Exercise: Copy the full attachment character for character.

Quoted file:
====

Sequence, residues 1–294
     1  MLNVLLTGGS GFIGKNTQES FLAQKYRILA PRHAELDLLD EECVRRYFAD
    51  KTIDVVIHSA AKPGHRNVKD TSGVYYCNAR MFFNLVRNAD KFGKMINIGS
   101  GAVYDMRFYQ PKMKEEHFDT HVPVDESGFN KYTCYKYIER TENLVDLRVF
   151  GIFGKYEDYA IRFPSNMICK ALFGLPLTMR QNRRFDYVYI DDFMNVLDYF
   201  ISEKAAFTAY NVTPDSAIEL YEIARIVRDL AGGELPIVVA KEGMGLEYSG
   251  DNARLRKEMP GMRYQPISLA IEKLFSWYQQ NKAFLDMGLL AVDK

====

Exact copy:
Sequence, residues 1–294
     1  MLNVLLTGGS GFIGKNTQES FLAQKYRILA PRHAELDLLD EECVRRYFAD
    51  KTIDVVIHSA AKPGHRNVKD TSGVYYCNAR MFFNLVRNAD KFGKMINIGS
   101  GAVYDMRFYQ PKMKEEHFDT HVPVDESGFN KYTCYKYIER TENLVDLRVF
   151  GIFGKYEDYA IRFPSNMICK ALFGLPLTMR QNRRFDYVYI DDFMNVLDYF
   201  ISEKAAFTAY NVTPDSAIEL YEIARIVRDL AGGELPIVVA KEGMGLEYSG
   251  DNARLRKEMP GMRYQPISLA IEKLFSWYQQ NKAFLDMGLL AVDK